Bing keeps coming on strong : will it continue to?
My first default home page ever was Yahoo (if I remember well, memory issues start showing after 40). In recent years it sometimes has been one of my own sites and sometimes Google. Today it is Google. Facebook is now asking to be my (and your) home page. I completely feel no urge to set it as my home page but, then again, one day it might. When talking to content marketing expert Joe Pulizzi from the Content Marketing Institute lately, I noticed what a cultural difference there is in that regarded. Joe uses Facebook for everything, business networking included, like many of his American friends do.
For me Facebook is a combination of my work and fooling around, LinkedIn is business and the home page is still, as just told, Google. Maybe it’ll change, maybe not.
Google and Yahoo: the doubts
But there’s some one else competing for my default home page. It’s Bing. While years ago, we only talked about Google when it came to search and of course eternal number two, Yahoo, we looked at Microsoft’s search proposition (not called Bing back then) and basically sighed, right?
Today Yahoo is mainly in the news for cutting staff and stopping (or probably also selling) some great services such as Delicious. I wonder what the long-term effect of all this will be on Yahoo’s core business.
Google in the mean time did all kind of social stuff (just like Yahoo) and much of it failed (Buzz anyone?). It also launched Google Instant and that led to a rise of search queries in October. Google’s social search features: not impressed, don’t use them: isn’t it a wrong supposition to think that search results from our social circles are more relevant to what we seek?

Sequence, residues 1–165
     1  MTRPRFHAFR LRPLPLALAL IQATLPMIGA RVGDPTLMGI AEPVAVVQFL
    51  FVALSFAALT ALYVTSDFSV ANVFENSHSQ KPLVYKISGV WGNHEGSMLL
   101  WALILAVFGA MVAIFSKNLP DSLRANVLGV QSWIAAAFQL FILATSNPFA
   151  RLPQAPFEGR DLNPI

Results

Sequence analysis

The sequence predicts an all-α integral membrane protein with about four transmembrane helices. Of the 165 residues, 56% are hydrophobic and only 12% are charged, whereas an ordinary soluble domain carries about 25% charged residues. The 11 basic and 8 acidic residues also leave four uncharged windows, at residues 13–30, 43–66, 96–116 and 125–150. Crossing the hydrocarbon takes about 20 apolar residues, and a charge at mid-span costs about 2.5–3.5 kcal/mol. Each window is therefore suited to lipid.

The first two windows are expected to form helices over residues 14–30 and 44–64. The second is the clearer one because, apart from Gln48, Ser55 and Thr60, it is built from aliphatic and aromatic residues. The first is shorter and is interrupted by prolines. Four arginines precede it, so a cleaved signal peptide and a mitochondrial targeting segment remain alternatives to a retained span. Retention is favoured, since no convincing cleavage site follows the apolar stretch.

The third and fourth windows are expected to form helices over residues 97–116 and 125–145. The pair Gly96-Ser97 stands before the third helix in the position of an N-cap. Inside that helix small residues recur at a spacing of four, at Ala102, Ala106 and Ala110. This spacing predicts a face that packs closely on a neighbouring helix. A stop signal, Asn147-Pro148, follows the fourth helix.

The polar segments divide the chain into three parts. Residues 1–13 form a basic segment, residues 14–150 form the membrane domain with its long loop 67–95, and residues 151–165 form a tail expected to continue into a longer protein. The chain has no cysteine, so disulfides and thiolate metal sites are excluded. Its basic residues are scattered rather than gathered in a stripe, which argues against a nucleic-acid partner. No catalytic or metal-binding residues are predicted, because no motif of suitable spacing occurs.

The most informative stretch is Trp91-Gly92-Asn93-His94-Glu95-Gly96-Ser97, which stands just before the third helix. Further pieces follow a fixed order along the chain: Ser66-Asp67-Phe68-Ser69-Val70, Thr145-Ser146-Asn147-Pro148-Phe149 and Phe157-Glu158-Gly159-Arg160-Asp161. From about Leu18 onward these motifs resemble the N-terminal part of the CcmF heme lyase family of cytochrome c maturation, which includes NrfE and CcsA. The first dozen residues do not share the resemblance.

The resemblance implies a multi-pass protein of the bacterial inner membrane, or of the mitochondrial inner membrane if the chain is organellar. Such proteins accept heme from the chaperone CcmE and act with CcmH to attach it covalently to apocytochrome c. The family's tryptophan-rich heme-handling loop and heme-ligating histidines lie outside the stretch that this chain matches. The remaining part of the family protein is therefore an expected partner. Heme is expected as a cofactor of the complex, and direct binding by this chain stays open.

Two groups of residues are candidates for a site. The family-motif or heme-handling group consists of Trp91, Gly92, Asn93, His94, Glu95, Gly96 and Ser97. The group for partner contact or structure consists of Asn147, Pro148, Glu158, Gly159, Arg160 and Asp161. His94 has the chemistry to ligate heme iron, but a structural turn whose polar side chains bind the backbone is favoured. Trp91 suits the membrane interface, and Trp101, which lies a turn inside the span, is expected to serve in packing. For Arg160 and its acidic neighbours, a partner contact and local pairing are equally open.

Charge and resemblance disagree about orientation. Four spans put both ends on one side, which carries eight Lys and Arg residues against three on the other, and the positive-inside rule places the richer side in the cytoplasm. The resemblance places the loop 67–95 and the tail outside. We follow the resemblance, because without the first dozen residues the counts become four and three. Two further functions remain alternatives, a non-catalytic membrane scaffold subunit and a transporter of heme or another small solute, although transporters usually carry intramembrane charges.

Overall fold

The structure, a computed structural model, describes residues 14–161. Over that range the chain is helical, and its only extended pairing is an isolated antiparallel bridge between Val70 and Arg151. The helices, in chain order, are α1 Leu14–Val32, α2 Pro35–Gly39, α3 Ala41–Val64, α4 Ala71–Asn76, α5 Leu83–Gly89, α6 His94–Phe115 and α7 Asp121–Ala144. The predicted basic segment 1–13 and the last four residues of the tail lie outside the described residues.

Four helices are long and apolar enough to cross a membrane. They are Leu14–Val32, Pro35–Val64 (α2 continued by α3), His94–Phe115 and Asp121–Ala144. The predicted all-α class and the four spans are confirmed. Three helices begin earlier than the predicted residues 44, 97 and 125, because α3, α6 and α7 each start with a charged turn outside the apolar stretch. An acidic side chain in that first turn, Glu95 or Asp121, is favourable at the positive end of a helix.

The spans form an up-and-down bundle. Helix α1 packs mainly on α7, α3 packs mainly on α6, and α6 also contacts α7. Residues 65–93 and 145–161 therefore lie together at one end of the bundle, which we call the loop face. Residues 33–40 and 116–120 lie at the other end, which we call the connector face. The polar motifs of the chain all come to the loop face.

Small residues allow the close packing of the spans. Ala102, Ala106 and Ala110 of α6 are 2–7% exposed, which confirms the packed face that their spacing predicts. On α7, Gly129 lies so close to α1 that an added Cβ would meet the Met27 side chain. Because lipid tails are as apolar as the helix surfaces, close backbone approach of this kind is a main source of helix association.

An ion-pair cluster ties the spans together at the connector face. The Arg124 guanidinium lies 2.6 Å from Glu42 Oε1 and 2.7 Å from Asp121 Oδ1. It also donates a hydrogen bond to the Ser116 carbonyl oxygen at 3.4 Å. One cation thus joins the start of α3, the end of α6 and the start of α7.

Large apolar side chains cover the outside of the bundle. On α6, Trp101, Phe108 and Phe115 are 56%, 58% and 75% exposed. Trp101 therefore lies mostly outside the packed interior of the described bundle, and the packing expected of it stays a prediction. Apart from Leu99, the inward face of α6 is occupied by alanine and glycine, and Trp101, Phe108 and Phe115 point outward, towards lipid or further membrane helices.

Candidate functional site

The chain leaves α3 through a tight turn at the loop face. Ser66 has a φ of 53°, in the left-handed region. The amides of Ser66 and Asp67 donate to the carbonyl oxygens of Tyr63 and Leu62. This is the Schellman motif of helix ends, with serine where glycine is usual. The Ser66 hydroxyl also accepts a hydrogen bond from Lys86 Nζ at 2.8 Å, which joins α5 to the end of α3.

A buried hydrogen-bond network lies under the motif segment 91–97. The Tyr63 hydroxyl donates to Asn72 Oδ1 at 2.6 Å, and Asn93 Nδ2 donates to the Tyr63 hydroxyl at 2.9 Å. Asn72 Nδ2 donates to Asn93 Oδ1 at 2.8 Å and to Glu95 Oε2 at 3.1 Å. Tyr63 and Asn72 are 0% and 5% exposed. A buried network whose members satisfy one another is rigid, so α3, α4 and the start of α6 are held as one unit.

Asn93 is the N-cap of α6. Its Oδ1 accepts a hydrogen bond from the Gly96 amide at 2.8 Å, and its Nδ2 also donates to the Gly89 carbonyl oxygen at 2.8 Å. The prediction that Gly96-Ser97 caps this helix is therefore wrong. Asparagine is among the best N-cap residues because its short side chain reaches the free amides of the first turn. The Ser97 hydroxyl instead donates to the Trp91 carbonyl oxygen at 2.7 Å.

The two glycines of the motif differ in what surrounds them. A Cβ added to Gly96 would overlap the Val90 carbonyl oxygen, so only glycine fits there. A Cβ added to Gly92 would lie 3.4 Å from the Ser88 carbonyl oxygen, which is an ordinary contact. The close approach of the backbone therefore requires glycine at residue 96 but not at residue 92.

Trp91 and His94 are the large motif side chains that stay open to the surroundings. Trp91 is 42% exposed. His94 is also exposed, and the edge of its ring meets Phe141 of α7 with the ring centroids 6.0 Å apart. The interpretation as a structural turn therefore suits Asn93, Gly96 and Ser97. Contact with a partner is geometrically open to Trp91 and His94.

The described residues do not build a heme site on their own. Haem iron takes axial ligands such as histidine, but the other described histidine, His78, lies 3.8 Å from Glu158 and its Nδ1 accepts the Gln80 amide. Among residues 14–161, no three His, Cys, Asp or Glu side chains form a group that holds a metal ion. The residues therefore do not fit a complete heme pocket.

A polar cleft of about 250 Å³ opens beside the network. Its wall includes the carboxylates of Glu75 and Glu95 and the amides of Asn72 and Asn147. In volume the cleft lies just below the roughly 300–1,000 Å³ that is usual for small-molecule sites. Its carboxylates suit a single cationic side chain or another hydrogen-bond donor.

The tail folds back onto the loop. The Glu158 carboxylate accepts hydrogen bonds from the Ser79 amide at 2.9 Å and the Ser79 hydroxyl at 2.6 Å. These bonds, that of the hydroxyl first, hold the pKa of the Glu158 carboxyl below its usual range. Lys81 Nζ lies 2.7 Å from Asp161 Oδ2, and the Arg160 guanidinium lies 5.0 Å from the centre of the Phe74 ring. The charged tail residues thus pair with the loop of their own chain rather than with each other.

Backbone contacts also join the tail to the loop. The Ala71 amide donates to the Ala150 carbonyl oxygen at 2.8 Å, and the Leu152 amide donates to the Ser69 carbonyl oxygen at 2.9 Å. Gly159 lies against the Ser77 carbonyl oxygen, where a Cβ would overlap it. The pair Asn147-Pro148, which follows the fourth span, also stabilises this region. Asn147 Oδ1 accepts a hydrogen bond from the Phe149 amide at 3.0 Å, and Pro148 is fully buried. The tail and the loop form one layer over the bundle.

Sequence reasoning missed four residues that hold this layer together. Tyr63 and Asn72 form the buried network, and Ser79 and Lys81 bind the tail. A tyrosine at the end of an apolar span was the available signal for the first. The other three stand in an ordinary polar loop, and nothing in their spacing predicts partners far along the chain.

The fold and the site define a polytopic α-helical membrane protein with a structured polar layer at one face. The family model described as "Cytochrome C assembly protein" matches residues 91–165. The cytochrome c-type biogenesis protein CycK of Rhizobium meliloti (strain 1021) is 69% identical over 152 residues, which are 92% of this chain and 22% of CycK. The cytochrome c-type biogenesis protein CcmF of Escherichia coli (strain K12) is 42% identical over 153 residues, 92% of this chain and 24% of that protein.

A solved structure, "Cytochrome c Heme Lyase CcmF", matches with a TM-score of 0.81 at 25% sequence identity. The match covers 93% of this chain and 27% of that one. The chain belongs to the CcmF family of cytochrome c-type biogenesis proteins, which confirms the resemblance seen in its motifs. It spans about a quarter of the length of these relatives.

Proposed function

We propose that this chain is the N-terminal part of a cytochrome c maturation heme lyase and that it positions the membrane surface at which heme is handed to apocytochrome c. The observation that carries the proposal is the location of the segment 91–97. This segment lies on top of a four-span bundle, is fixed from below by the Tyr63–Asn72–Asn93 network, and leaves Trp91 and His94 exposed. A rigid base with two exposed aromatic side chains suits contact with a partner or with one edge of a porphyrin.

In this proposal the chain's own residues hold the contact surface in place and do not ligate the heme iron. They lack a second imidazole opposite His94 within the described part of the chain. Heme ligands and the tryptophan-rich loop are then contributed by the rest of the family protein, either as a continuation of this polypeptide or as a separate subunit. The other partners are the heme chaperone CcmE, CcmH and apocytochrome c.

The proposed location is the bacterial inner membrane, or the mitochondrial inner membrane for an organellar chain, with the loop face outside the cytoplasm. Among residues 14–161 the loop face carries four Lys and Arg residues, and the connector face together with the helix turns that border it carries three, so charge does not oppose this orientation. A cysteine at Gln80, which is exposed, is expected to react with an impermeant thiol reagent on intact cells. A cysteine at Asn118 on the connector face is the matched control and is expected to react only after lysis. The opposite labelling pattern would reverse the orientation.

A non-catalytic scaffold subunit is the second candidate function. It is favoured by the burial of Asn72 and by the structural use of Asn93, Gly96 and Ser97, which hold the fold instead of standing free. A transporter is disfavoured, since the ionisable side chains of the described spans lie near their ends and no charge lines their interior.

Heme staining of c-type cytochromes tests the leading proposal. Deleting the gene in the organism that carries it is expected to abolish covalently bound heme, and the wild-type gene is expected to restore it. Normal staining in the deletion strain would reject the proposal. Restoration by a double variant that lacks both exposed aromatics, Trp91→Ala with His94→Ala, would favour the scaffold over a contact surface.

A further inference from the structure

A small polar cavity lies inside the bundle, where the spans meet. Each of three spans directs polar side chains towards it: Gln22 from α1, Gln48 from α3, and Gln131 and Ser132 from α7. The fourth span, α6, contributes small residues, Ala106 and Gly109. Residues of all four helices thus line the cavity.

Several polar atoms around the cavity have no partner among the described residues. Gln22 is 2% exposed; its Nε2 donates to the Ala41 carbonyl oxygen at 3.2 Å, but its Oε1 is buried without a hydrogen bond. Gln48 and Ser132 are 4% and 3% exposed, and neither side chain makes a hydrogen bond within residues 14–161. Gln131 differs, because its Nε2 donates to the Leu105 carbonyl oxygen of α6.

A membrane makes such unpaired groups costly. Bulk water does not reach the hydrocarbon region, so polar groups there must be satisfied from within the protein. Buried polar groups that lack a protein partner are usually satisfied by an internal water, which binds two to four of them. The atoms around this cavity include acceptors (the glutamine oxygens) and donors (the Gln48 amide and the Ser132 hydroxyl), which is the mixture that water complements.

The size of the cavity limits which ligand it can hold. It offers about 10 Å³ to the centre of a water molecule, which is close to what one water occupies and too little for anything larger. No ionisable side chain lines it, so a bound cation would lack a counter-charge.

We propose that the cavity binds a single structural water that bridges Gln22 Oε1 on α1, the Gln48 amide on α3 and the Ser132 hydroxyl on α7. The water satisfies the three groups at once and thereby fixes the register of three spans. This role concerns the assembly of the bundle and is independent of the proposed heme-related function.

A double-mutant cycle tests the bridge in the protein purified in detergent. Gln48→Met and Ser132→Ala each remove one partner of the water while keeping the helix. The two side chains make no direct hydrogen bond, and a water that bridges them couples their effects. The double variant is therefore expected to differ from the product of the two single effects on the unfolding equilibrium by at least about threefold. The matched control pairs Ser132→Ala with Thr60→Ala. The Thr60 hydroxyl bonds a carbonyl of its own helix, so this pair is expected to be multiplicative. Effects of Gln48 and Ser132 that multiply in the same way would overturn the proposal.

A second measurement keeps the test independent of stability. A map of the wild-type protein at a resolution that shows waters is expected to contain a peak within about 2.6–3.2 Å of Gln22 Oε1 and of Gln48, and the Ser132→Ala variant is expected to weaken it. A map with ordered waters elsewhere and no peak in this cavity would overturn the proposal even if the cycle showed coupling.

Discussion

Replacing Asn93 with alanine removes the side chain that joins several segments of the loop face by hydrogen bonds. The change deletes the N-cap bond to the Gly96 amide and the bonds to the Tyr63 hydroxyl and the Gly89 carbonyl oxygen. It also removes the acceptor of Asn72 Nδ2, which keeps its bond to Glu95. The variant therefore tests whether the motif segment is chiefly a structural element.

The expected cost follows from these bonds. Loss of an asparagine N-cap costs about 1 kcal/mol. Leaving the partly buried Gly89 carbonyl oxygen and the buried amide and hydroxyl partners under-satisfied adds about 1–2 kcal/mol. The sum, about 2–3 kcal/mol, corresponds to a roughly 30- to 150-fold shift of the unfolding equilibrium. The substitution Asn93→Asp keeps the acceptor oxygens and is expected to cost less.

So there are some doubts regarding Google. There weren’t that much before, did there?
The mobile and social search battle
And then there is Bing. It picks up search share (11.8 share in November, again a rise). Although Google still holds 66% of the market, the impact of Google Instant is already lost again in the numbers and Bing keeps coming on strong. Furthermore, let’s not forget Yahoo’s search is now powered by Bing in the States.
Last week Microsoft announced a whole new range of features for Bing. Key topics: mobile (oh yes, the future of search is very much a mobile one), social (same remark, replace mobile by social) and local (key in U.S., growing elsewhere).
There are enhancements for Windows Phone 7 (just released a month ago and focussing strongly on Bing) and for iPhone and Android applications (one of them being Autosuggest).
Next announcement: Bing Vision. Again in the mobile space: it allows you to use the camera of your smart phone to search on words that are detected in the image, should be able to look for business listings when you take a picture of where you are and obviously barcodes are supported as well.
And that’s far from all: a mobile application to share your location through social location-based services such as Windows Life Activity Stream but also Foursquare and king of social networks, Facebook, a new application for iPhone, integration with some other services etc.
I won’t mention all the other new features but one thing is clear. Bing is being appreciated for what it does and has been doing for a while, including for the desktop user. SEO (and also SMO) tool Raven, which I’ve been using for quite sometime, decided to make Bing its default search engine for all kinds of reasons.
Of course all this doesn’t mean anything yet. Yes, mobile search is growing, as is local and social. But mobile for instance still is relatively moderate (approx. 13% of all search quesries).
And let’s not forget that Google has Android. When I look at my Android Phone, the default screen shows the day and time but Google’s search box is just a slide away. And Android is moving fast in the mobile OS space, gaining ground consistently.
So, who will win the war for our desktop and mobile home page? No idea but I do know this: I use Bing as well now, I never did before.
» MARC0M 13
12 June 2013 / 13 June 2013